The spatial negative priming effect denotes slowed-down and sometimes more error-prone responding to a location that previously contained a distractor as compared with a previously unoccupied location. In vision, this effect has been attributed to the inhibition of irrelevant locations, and recently, of their task-assigned responses. Interestingly, auditory versions of the task did not yield evidence for inhibitory processing of task-irrelevant events which might suggest modality-specific distractor processing in vision and audition. Alternatively, the inhibitory processes may differ in how they develop over time. If this were the case, the absence of inhibitory after-effects might be due to an inappropriate timing of successive presentations in previous auditory spatial negative priming tasks. Specifically, the distractor may not yet have been inhibited or inhibition may already have dissipated at the time performance is assessed. The present study was conducted to test these alternatives. Participants indicated the location of a target sound in the presence of a concurrent distractor sound. Performance was assessed between two successive prime-probe presentations. The time between the prime response and the probe sounds (response-stimulus interval, RSI) was systematically varied between three groups (600, 1250, 1900 ms). For all RSI groups, the results showed no evidence for inhibitory distractor processing but conformed to the predictions of the feature mismatching hypothesis. The results support the assumption that auditory distractor processing does not recruit an inhibitory mechanism but involves the integration of spatial and sound identity features into common representations.
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This conclusion is further supported by studies employing so-called “free choice” probe trials. While prime trials require a standard forced choice response to the prime target location, participants can choose to answer with one of two valid response options in probe trials. In the critical trials, prime distractor and probe target are presented at different locations and participants can decide whether to perform the former prime distractor response or a new response to the probe target location. The finding that former distractor-assigned responses are less likely to be executed in these trials has been taken as further evidence for distractor-related response inhibition (e.g., Buckolz et al., 2015; Fitzgeorge et al., 2011).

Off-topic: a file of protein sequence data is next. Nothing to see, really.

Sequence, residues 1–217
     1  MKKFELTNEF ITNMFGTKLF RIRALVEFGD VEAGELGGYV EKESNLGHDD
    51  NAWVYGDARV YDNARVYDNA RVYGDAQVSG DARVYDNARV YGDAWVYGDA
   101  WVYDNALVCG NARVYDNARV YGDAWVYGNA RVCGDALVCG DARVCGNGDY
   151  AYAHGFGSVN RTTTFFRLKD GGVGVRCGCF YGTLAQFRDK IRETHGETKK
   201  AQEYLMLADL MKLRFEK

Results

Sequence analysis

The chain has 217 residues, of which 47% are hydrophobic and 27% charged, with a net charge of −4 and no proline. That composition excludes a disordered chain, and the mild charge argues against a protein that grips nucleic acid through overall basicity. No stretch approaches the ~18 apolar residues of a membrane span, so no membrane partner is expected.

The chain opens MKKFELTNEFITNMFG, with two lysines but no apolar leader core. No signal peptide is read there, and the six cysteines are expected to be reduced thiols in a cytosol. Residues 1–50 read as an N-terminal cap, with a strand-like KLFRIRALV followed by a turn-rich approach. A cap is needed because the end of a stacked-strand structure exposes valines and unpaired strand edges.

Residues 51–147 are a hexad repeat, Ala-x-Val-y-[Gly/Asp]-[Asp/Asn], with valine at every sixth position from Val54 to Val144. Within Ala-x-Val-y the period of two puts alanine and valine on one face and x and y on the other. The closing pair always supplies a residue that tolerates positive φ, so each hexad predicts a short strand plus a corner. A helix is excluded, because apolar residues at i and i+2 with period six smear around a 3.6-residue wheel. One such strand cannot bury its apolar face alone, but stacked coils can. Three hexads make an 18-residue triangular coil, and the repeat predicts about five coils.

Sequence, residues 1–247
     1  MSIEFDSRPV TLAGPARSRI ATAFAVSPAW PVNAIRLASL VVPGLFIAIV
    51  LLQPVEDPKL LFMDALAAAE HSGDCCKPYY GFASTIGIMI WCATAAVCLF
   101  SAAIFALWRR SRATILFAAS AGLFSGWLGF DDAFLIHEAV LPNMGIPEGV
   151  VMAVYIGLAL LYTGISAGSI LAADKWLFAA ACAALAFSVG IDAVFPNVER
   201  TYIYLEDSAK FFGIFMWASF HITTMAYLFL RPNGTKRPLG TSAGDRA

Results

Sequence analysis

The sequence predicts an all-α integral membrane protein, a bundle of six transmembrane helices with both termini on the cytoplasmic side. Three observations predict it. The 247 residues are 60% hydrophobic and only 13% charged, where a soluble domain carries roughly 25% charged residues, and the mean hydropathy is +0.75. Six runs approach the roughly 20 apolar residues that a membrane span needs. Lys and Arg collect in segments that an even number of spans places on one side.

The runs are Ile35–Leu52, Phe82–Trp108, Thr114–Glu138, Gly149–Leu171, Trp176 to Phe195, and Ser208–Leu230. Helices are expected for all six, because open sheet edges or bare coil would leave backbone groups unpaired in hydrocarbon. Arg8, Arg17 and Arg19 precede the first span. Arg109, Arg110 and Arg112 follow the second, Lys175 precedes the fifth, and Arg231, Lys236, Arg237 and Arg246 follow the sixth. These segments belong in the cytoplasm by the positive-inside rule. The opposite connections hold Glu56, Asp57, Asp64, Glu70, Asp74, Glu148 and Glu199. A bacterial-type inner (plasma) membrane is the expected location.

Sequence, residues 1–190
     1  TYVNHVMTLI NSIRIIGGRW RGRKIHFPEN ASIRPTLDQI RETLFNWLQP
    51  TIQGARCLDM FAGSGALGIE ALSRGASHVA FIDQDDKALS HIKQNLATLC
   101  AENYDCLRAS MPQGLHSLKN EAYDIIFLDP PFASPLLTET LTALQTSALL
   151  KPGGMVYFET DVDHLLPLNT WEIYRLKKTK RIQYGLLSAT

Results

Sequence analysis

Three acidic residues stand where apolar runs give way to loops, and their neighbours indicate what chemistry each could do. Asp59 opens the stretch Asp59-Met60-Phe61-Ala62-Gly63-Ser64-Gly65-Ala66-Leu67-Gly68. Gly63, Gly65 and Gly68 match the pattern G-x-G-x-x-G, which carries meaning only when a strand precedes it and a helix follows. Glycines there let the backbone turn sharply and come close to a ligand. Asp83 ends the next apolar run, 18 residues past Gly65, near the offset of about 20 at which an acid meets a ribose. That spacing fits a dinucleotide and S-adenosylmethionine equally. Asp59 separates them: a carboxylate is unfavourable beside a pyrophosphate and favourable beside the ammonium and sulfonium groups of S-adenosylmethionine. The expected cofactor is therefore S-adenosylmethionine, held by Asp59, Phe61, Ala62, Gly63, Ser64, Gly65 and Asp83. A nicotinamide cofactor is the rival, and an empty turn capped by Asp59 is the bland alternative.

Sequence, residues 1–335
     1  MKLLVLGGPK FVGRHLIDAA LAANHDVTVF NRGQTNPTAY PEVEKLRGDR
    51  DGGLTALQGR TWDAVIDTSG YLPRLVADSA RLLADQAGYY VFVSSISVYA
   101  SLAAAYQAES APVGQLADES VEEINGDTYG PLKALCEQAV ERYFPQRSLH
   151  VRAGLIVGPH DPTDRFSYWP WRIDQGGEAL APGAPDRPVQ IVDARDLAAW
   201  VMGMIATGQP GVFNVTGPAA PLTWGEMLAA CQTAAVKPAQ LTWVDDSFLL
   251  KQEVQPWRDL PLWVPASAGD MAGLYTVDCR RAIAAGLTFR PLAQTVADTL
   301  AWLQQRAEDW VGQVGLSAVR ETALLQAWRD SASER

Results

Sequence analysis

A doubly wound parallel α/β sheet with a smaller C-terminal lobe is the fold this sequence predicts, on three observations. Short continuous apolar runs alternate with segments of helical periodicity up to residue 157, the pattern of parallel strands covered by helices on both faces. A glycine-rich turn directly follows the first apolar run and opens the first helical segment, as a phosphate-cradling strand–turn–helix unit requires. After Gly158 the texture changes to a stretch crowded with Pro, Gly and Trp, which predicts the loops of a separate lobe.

Buckolz, Fitzgeorge, and Knowles (2012) argued that a location-based “orienting inhibition” mechanism only operates in visuospatial negative priming when parafoveal stimulus locations are employed in the task at hand.
Note that this effect was found in most, but not in all auditory spatial negative priming tasks which might indicate that object file retrieval is more effectively triggered by location repetitions (as compared with sound identity repetitions) between prime distractor and probe target. Moreover, evidence for feature mismatching effects has also been reported in visuospatial negative priming (Park & Kanwisher, 1994). However, several studies found reliable spatial negative priming effects in the absence of feature mismatches (Milliken et al., 2000; Tipper et al., 1995), so that this mechanism seems to be only of minor importance in the visual modality.
Ignored repetition and control trials in Experiment 2 did not require a prime response.
Given that after-effects attributed to inhibition in vision require at least 75 ms to emerge but are present, at the latest, after 750 ms following the prime presentation (Buckolz et al., 2008), it might also be possible that reliable performance costs in ignored repetition trials (as compared with control trials) can also be obtained with interval durations in between these values. However, this assumption remains speculative. Therefore, the presumed time-course of distractor response inhibition in the visual modality can only be tentatively applied to the 600-ms RSI in the present study.
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The research reported in this article was supported by a grant from the Deutsche Forschungsgemeinschaft (Ma 2610/2-2).
The authors Malte Möller, Susanne Mayr, and Axel Buchner certify (1) that all procedures performed in studies involving human participants were in accordance with the ethical standards of the institutional and/or national research committee and with the 1964 Helsinki declaration and its later amendments or comparable ethical standards, (2) that informed consent was obtained from all individual participants included in the study, and (3) that they have no conflict of interest.
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Möller, M., Mayr, S. & Buchner, A. The time-course of distractor processing in auditory spatial negative priming. Psychological Research 80, 744–756 (2016). https://doi.org/10.1007/s00426-015-0685-6
- Negative Priming
- Probe Target
- Object File
- Distractor Event
- Negative Priming Effect